Kathy Gong, founder and CEO of ai.law, says in her article, Dare to Fail: What I Learned as a Woman Entrepreneur in China, “It is alright that we fail, as long as we fail forward. In the face of adversity, shortcomings, and rejection, we should keep believing in ourselves and refuse to see ourselves as failures. Our response to failure holds the key to our future.”
“All three of these barriers, which together account for 78% of women’s reasons for not applying, have to do with believing that the job qualifications are real requirements, and seeing the hiring process as more by-the-book and true to the on paper guidelines than it really is,” says Mohr. “They didn’t see the hiring process as one where advocacy, relationships, or a creative approach to framing one’s expertise could overcome not having the skills and experiences outlined in the job qualifications.”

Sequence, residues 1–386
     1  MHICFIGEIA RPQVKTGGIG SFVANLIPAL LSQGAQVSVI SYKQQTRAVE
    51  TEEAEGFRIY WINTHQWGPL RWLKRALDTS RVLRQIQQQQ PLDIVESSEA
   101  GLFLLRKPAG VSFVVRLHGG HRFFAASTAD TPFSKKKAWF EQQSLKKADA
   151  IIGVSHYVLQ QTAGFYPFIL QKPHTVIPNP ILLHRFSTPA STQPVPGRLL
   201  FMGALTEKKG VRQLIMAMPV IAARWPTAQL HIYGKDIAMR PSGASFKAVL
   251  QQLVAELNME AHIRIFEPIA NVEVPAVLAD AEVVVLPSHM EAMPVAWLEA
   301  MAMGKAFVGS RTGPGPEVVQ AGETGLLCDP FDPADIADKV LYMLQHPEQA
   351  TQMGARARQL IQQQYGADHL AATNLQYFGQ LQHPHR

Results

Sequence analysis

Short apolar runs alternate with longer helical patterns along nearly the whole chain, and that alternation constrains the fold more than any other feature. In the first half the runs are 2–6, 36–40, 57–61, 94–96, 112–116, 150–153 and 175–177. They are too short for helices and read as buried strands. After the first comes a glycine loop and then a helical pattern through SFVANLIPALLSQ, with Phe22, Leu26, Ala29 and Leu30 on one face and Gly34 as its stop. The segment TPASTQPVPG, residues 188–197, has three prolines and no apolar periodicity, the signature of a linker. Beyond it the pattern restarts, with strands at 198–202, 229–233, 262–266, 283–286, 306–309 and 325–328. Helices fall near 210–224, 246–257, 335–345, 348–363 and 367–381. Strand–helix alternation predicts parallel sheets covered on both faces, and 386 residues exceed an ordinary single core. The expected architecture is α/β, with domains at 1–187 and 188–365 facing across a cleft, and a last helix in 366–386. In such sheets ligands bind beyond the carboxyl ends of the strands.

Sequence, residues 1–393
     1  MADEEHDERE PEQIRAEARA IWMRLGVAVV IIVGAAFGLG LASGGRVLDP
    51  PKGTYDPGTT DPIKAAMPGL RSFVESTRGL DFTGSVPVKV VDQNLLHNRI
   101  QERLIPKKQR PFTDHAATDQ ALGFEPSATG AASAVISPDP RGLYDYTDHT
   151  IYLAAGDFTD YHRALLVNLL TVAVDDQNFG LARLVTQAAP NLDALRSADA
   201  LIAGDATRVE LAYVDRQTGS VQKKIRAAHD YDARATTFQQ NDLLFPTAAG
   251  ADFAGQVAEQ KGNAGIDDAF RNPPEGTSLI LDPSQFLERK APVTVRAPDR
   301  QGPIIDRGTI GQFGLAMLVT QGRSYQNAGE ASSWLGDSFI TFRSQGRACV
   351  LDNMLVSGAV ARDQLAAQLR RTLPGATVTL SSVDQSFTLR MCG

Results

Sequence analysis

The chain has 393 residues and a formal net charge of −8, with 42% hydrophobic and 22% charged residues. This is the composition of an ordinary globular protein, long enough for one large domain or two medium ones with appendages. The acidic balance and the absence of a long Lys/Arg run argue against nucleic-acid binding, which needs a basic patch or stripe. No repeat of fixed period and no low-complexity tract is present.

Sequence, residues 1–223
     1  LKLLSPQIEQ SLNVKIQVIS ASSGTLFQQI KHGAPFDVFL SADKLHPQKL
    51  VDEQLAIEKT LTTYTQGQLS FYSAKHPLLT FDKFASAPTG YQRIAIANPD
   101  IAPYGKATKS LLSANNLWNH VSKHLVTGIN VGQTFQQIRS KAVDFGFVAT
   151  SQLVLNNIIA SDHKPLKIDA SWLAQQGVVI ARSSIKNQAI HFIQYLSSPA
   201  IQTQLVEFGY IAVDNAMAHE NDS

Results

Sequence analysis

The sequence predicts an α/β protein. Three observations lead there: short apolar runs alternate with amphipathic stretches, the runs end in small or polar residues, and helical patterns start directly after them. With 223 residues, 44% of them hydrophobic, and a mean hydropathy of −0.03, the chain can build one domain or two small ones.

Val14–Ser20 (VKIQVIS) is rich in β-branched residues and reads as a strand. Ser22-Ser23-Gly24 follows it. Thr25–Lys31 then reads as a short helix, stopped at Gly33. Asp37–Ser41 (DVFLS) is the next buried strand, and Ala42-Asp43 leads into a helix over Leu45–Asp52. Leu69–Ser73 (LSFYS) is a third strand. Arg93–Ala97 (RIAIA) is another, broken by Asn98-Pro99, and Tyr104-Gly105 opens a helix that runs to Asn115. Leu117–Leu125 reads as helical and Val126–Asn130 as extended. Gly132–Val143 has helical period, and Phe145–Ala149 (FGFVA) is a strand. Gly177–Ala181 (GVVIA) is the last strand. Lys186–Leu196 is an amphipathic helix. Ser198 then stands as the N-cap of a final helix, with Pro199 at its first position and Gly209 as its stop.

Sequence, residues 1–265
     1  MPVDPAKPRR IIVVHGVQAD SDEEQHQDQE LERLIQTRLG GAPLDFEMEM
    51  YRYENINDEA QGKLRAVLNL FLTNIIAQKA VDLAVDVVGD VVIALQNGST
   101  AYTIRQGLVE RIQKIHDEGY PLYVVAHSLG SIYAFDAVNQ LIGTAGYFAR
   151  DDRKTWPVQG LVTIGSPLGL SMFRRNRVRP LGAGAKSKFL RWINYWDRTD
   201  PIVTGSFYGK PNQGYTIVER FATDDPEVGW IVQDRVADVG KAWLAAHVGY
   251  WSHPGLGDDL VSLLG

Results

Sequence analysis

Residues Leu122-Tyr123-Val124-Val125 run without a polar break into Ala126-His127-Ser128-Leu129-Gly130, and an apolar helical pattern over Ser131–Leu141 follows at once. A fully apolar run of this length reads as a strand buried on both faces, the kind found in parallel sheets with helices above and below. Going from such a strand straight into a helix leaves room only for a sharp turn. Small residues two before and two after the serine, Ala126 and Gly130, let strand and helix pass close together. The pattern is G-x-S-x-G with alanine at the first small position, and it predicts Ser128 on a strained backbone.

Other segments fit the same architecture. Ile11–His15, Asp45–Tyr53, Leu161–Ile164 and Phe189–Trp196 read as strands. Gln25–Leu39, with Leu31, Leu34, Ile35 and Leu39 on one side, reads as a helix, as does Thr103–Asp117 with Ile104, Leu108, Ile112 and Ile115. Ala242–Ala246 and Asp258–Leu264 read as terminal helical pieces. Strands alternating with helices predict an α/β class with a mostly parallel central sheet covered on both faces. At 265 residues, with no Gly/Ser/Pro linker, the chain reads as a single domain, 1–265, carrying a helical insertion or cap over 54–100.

My daughter (and her friend) need to realize that they will need to play this entirely different game once they enter the workforce.
1. Figure out how to challenge and influence authority. In school, in order to get the grade, you learned to provide the authority figure — the teacher — what he or she wanted. To be successful in the workforce, you need to learn how to challenge and influence authority. According to recent research on entrepreneurs, the single most important trait is the ability to persuade.
2. Prepare, but also learn to improvise. In school, you prepared as much as possible for the test. In the workplace, instead of over-preparing, spend that time learning to improvise.